|Microsoft DirectX 9.0|
Microsoft?Direct3D?for Microsoft DirectX?9.0 supports points, lines, triangles, and grid primitives. These have been extended to support higher-order interpolation beyond linear. While triangles and lines have spatial extent, until now they were both rendered using linear interpolation. In DirectX 9.0, Direct3D supports rendering of these primitive types using higher order, up to quintic, interpolation. Furthermore, a new quad primitive type is now supported. This new type can also be rendered with higher-order interpolation. This feature is primarily driven by requirements for animation and rendering of characters. It can also be used for other surfaces such as terrain or water.
Higher-order primitives support higher-order interpolation when transmitted to the application programming interface (API) as lists, strips, fans, or indexed meshes. This is achieved by using additional information encoded in the vertices themselves. For example, normal vectors can be used to define tangent planes at the vertices to enable cubic interpolation. Most implementations support higher-order interpolation by tessellation into planar triangles. The tessellation step is applied logically before the vertex shader stage. Because the vertex shader API does not impose semantics on its input data, a special mechanism is provided to identify the vertex stream component that represents the position, and optionally the normal vector. All other components are interpolated accordingly.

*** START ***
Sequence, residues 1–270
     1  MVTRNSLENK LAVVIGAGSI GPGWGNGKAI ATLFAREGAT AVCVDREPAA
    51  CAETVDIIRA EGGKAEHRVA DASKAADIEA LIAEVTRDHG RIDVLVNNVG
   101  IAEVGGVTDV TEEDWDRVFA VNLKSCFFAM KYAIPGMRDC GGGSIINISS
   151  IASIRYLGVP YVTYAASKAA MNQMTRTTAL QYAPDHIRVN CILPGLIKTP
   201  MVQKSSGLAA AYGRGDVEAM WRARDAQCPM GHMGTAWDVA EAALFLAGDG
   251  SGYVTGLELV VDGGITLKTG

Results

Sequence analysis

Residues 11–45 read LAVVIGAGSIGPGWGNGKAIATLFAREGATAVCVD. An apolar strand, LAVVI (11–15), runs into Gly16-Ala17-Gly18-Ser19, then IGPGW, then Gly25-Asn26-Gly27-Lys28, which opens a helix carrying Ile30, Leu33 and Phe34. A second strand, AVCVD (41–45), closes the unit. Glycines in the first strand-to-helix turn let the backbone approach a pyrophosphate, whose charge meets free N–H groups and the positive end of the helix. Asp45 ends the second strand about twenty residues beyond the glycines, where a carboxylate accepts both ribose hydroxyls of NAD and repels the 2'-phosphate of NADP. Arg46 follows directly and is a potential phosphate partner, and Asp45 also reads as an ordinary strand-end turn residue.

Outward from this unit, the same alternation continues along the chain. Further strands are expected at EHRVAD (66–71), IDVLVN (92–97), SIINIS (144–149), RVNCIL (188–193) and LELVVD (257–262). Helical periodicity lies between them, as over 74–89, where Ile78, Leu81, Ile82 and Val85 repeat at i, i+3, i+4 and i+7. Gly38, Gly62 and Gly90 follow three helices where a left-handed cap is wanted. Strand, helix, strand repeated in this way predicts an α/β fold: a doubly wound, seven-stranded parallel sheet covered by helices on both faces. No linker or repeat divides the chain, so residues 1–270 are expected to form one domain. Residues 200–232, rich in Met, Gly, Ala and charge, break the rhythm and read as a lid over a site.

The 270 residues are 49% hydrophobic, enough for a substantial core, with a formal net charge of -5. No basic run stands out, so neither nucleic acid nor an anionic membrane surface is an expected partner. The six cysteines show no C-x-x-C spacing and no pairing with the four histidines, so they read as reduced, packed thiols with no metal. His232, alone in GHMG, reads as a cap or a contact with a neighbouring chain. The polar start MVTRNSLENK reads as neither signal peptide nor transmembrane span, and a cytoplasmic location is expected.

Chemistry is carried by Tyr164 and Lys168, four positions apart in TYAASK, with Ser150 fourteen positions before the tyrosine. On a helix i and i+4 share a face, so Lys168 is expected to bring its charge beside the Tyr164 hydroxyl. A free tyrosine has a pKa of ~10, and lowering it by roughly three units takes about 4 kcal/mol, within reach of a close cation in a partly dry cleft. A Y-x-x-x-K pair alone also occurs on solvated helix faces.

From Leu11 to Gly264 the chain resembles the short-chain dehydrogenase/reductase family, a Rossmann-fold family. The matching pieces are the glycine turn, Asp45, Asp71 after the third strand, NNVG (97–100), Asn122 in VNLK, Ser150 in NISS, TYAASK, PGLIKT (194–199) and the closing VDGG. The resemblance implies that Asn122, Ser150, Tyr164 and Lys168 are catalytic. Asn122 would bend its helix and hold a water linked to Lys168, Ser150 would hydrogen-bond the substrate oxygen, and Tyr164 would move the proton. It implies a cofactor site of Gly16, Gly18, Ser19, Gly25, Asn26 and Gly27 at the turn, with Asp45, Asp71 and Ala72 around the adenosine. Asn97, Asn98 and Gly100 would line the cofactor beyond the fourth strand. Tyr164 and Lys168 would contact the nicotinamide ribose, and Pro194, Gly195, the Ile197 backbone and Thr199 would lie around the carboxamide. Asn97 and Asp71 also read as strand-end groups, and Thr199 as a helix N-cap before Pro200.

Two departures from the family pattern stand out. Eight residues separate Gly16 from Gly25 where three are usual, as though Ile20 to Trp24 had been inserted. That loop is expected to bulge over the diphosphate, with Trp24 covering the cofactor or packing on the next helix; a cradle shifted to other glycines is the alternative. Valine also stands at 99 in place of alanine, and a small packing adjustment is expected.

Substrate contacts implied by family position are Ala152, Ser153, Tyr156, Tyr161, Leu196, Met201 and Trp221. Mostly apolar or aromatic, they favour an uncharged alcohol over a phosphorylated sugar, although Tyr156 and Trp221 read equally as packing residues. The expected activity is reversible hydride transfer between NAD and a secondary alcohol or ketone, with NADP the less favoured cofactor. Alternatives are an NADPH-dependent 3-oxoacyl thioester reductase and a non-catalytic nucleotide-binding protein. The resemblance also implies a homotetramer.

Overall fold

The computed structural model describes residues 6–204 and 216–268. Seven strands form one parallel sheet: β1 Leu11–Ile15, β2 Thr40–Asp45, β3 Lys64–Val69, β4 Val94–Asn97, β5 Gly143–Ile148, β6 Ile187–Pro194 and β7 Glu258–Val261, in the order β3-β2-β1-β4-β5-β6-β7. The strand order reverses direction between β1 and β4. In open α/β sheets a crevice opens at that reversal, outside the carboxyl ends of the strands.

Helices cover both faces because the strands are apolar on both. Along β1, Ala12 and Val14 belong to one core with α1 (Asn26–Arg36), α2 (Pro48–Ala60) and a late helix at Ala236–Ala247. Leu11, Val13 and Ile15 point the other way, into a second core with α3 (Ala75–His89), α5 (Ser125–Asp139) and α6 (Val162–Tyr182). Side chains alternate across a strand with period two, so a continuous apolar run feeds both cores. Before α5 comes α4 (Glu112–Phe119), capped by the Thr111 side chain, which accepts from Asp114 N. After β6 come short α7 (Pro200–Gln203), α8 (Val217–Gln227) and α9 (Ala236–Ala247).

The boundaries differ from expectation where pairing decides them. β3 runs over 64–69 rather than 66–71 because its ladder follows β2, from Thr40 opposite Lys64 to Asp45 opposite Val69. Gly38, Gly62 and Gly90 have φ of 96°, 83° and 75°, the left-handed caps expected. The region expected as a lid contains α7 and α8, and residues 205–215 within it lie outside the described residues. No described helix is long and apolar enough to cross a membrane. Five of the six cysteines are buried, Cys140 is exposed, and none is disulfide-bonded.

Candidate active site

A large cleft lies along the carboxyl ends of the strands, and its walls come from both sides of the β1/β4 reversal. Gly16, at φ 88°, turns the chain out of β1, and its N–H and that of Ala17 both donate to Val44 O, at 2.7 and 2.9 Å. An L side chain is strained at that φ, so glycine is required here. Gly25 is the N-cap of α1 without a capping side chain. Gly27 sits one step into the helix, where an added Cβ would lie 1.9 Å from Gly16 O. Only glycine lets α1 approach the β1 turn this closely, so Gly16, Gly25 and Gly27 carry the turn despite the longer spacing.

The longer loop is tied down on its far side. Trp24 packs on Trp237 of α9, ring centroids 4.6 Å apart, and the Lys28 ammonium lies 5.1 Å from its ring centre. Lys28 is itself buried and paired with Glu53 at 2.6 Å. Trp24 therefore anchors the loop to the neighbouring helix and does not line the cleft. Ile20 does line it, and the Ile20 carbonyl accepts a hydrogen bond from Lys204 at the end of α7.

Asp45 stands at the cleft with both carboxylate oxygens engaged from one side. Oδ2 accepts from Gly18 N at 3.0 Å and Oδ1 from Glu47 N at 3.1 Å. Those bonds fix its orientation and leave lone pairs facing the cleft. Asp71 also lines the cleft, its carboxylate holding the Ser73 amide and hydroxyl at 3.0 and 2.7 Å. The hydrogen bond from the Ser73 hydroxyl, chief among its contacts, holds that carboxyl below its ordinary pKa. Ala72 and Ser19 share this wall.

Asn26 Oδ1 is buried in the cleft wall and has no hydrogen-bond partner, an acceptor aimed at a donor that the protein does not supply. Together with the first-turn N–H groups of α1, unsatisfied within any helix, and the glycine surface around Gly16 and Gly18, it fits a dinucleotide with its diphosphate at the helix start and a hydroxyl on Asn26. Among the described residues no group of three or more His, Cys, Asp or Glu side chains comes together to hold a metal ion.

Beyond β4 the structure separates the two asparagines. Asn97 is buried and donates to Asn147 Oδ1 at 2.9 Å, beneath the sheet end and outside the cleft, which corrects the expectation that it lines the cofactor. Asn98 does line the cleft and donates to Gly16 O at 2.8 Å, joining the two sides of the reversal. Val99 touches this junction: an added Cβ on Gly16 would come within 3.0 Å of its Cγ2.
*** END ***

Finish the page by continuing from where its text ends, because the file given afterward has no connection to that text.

This section introduces higher-order primitives and discusses how they can be used in your applications. Information is divided into the following topics.
Current primitives are not ideal for representing smooth surfaces. Higher-order interpolation methods, such as cubic polynomials, allow more accurate calculations in rendering curved shapes. This provides increased realism by reducing or eliminating faceting artifacts visible on silhouette edges or on specular surface lighting. Furthermore, when tessellation occurs on the chip, the tessellated triangles do not impact the bus bandwidth. In many cases, a small amount of tessellation can provide improvements in image quality with minimal performance impact.
Direct3D for DirectX 9.0 provides a simple way to apply resolution enhancement to content created by existing polygon-oriented tools and art pipelines. The application need only provide a desired level of tessellation, and transmit the data using standard triangle syntax that includes normal vectors.
Many current authoring tools support higher-order primitives to enable more powerful modeling operations than are commonly provided for with planar triangle meshes. When used efficiently, so that the number of patches generated is reasonable, such tools can produce content that can be rendered directly by the API. To meet this requirement, a new entry point has been added that interprets the incoming vertex data stream as a 2-D array of control points and tessellates it to the desired resolution.